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January 09, 1932 - Image 2

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Publication:
The Michigan Daily, 1932-01-09

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THE MICHIGAN DAILY

SATURDAY, JA

TH ICIA DIY AhR V3

STUDENdTS IN FAV19fl Ar

iy, Navy, Planes to Wage Tactical 'War'
on Hawaii to Test Western Defense of U. S.

OF ARAMNCUTI
Vote Shows Majority Opposed
to Compulsory Military
Training.

i

WASHINGTON, fan. 8.-P)--
Feverish clays and nights lie ahead
at the crossroad of the Pacific.
For Uncle Sam's lads in khaki
and blub are going to "war" in the
first joint army and navy exercises
of major character at the Hawaiian

¢.Reduction in armaments and the islands since 1925.
Icadership of the United States in The "war," to be waged February}
this move are the sentiments of a 6-11, will test the westernmost de-
majority of the 24,345 college stu- fensive outpost of the United States
dents who were polled on a straw whose fortifications are unrestricted
vote pertaining to the disarmament under the Washington treaty of
recently on 70 campuses through- 1922.
out the country. In the figures To Test Hawaii's Defenses.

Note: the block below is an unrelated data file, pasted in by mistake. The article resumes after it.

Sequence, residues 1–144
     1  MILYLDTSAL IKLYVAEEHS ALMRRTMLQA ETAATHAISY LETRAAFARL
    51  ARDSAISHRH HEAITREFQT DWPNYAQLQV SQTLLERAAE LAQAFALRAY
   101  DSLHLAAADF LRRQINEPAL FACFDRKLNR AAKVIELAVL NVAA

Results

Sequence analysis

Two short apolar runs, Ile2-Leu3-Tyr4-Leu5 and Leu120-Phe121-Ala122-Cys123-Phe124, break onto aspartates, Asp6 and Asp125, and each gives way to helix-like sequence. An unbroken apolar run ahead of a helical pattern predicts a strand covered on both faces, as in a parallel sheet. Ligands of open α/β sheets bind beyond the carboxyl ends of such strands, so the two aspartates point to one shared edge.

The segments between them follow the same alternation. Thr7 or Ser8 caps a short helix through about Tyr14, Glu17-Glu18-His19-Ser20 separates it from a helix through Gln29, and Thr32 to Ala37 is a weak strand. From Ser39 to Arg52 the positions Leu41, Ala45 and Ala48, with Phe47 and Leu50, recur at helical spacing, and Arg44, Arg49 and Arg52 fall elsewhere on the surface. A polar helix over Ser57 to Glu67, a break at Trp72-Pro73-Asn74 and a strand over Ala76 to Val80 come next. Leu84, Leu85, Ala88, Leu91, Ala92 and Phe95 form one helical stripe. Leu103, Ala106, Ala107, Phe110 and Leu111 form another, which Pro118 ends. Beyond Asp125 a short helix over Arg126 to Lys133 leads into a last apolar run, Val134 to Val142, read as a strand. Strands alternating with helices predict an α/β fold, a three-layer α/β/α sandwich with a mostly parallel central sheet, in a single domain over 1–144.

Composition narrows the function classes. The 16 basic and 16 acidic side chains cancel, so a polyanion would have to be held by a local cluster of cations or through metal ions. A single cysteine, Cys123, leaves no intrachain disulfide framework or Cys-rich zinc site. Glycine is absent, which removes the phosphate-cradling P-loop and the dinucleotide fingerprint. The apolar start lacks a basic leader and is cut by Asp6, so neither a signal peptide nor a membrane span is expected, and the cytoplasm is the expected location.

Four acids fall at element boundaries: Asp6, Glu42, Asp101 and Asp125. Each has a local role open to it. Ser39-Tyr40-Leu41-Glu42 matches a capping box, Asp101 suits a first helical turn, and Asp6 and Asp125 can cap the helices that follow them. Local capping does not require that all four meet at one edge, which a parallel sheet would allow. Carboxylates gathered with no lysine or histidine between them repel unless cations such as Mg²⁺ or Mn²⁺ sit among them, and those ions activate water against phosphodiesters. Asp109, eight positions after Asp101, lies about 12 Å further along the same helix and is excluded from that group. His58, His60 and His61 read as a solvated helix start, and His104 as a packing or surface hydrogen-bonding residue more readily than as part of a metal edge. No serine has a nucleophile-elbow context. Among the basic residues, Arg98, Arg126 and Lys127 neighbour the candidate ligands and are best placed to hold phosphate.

which were released yesterday by The jo nt exercises, foc'using on
Luther Tucker, of Yale university, ti e island of Oahu with its prin-
chairmen of the Intercollegiate cial city of Honolult will attempt
cauncil, it was revealed that 92 per to determine the effectiveness of an
cent of the students polled favor a surface, and land attak
.reduction in arma~ments, while 63 agamsnt -Hawaii and the adequacy
Winsten Chv.rchiill, whot, 1 lecture here Mar. 1, shown with his per cent would urge the United of air, surface, sub-surface, and
wife as they 'called recently at No. 10 Downing St., the most famnous States to take the lead in this step. land defenses to repel invaders.
Political addre s in London. Mr. Churchill is accompanied on his trip Third Favor Full Reduction. The attacking force, commanded